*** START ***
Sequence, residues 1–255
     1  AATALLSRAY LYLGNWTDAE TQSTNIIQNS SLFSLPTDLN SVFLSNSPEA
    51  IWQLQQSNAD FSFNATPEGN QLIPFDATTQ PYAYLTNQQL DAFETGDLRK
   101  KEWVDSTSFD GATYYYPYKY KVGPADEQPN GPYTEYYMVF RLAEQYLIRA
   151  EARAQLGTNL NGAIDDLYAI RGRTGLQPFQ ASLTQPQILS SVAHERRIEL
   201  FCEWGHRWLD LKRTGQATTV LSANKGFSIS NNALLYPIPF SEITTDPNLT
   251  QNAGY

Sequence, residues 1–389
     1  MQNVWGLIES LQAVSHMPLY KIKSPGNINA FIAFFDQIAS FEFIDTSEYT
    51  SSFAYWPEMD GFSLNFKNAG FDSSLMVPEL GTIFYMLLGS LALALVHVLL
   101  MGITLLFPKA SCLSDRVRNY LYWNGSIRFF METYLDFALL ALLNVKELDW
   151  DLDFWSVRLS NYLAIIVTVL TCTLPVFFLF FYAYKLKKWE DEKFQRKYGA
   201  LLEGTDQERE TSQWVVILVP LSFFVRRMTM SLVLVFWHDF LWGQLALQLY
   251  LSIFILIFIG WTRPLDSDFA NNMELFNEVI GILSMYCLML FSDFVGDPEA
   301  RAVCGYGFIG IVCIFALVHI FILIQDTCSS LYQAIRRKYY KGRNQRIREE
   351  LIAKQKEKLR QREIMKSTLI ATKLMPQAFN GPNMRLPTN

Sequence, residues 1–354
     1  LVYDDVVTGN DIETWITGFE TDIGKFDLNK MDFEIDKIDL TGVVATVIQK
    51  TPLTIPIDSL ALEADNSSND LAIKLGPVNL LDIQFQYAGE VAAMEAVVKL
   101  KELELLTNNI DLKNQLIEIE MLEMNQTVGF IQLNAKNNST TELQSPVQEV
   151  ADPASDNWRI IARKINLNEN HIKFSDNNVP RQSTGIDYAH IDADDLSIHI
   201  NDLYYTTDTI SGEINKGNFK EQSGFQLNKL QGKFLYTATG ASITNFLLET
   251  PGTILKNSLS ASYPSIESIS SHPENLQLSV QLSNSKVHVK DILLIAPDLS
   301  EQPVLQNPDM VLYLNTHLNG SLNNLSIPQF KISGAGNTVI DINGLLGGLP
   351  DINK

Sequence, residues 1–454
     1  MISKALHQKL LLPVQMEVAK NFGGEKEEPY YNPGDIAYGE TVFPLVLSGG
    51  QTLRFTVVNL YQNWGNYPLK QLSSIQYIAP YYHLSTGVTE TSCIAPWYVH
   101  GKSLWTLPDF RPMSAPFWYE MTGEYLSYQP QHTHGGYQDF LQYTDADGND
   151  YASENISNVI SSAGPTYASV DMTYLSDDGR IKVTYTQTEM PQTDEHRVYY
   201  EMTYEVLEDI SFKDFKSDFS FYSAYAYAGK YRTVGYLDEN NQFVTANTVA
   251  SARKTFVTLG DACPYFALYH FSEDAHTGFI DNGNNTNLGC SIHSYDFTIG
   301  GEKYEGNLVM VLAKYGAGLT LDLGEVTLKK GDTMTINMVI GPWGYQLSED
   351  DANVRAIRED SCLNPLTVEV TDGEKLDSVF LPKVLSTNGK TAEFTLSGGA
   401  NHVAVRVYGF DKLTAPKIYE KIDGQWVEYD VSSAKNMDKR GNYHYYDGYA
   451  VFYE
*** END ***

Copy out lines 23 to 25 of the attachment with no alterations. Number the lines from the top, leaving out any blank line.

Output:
   251  PGTILKNSLS ASYPSIESIS SHPENLQLSV QLSNSKVHVK DILLIAPDLS
   301  EQPVLQNPDM VLYLNTHLNG SLNNLSIPQF KISGAGNTVI DINGLLGGLP
   351  DINK